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Original articles  EXERCISE PHYSIOLOGY AND BIOMECHANICS


The Journal of Sports Medicine and Physical Fitness 2002 Settembre;42(3):295-9

lingua: Inglese

Influence of changes in nasal ventilation on estimated workload during submaximal field running

Bourdin M., Sallet P., Dufour A.-B. *, Lacour J.-R.

From the Labor­a­toire de Phys­io­log­ie de ­l’Exercice GIP Exer­cice, ­Faculté de ­Médecine ­Lyon-Sud Oul­lins Ced­ex, ­France
*Labor­a­toire de ­Biométrie, ­Génétique et Bio­log­ie des Pop­u­la­tions, Université ­Claude Ber­nard ­Lyon 1 Vil­leur­banne Ced­ex, ­France


PDF  ESTRATTI


Back­ground. ­Breathe ­Right® (BR) exter­nal ­nasal dila­tor ­have ­become increas­ing­ly pop­u­lar ­over the ­past few ­years, how­ev­er, the phys­io­log­i­cal ­basis for ­using BR ­remains ­unclear. We ­have exam­ined wheth­er alter­a­tion in ­nasal ven­ti­la­tion ­would influ­ence the meta­bol­ic ­cost of sub­max­i­mal run­ning.
Meth­ods. Meta­bol­ic ­cost was esti­mat­ed in 10 ­male endu­rance tri­ath­letes by meas­ur­ing ­heart ­rate (HR) and exer­cise per­cep­tion by meas­ur­ing the ­rate of per­ceived exer­tion (RPE) dur­ing sub­max­i­mal ­field run­ning. The pro­to­col con­sist­ed of 5 min of run­ning at 80% of ­their max­i­mal aero­bic veloc­ity (­MAVf, pre­vi­ous­ly deter­mined ­under ­field con­di­tions) for ­three ran­dom­ised experi­men­tal con­di­tions, sep­ar­at­ed by a 10 min ­rest. The con­di­tions ­were nor­mal ­nasal ven­ti­la­tion (N), no ­nasal ven­ti­la­tion (­using a ­nose ­clip) (NC) and ­with a BR.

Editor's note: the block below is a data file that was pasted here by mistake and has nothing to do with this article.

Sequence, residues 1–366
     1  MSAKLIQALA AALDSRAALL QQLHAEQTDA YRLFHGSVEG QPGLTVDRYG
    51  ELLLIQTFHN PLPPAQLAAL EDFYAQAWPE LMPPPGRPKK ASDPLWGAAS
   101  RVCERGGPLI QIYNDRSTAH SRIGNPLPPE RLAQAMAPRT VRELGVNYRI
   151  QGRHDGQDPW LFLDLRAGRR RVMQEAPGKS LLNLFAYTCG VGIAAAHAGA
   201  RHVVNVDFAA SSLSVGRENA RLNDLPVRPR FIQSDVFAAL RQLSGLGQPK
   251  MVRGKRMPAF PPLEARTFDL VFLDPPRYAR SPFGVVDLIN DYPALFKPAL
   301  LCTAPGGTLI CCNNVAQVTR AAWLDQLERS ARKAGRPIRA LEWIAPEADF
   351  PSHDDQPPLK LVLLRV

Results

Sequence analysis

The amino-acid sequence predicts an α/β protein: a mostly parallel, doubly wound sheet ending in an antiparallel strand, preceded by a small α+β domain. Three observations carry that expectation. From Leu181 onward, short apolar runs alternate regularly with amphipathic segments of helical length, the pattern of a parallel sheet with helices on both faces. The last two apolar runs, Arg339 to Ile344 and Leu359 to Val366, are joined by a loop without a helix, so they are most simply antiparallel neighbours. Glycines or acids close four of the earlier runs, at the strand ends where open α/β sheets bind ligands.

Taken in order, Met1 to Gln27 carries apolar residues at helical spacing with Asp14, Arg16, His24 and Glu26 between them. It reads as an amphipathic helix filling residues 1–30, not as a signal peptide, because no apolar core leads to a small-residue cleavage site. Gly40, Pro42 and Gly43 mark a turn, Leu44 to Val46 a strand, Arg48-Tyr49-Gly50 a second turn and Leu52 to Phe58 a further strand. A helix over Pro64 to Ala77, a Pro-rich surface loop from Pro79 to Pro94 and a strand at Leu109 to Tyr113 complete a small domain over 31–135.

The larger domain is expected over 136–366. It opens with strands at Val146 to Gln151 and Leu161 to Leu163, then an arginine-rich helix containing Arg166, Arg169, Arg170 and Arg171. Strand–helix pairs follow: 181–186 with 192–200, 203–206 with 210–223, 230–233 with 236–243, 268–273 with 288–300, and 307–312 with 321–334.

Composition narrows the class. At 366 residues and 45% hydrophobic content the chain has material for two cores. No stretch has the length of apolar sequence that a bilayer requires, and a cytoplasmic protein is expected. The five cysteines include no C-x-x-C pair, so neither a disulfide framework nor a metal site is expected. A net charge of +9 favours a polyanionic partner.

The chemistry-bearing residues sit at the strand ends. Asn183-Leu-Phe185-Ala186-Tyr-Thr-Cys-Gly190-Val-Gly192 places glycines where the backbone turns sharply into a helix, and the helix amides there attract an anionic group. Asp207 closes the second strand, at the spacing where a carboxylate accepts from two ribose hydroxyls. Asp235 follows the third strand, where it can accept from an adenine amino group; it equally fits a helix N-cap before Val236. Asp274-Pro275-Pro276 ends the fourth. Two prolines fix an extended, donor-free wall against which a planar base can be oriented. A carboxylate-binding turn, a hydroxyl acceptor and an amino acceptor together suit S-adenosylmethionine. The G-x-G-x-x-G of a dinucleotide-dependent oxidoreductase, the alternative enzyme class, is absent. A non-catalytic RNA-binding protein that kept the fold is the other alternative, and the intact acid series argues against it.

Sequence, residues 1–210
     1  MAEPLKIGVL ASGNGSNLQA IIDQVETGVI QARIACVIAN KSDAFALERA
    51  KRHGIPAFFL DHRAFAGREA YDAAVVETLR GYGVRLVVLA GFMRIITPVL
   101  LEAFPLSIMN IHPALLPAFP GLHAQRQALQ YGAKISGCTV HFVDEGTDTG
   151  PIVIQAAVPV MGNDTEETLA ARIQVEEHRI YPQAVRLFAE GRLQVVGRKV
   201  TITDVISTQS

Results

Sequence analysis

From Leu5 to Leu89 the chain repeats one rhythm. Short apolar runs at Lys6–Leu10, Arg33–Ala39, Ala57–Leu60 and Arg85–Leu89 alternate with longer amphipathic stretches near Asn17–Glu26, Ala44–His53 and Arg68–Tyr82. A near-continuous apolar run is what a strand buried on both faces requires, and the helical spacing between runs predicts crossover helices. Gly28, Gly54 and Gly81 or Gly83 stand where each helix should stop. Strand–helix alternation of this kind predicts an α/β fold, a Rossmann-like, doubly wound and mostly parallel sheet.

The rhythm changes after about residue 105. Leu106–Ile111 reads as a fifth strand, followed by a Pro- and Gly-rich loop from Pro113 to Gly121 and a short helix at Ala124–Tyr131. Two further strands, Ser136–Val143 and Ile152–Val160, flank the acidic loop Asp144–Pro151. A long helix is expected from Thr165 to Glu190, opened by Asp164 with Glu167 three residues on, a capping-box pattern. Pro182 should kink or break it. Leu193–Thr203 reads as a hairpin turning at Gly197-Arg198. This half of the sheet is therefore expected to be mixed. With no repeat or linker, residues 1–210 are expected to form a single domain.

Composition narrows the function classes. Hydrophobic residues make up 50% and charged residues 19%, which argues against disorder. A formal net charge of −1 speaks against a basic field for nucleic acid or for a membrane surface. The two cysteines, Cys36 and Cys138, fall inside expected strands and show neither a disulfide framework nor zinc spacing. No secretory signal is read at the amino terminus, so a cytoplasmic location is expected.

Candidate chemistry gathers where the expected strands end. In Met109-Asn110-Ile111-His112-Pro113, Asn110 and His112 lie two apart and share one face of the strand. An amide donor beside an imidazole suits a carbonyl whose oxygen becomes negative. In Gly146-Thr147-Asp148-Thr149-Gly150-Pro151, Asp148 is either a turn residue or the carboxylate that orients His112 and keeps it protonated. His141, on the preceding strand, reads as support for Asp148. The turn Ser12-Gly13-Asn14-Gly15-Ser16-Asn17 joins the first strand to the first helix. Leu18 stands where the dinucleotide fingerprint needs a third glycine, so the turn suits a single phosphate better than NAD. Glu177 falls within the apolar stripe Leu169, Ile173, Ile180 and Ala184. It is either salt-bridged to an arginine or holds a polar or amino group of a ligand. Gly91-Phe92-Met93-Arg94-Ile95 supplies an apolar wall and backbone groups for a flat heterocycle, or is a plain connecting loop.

­Results. Run­ning ­with the BR or ­with NC did not sig­nif­i­cant­ly influ­ence HR (N: 173±7, BR: 173±8, NC: 172±7 ­beat·min-1; F=0.01, p=0.99) or RPE (N: 12.1±1.7, BR: 11.8±1.9, NC: 13.2±0.8; F=1.88, p=0.18). We con­clude ­that alter­a­tion in ­nasal ven­ti­la­tion pro­duced by ­using BR or NC do not influ­ence HR or RPE in a ­group of tri­ath­letes run­ning 5 min at 80% of ­MAVf.
Con­clu­sions. The ­present ­study tend­ed to dem­on­strate ­that ­both ­nasal ven­ti­la­tion ­would not influ­ence the ­total meta­bol­ic ­cost, and ­that the BR ­device is not advan­ta­geous dur­ing ­high inten­sity exer­cise.

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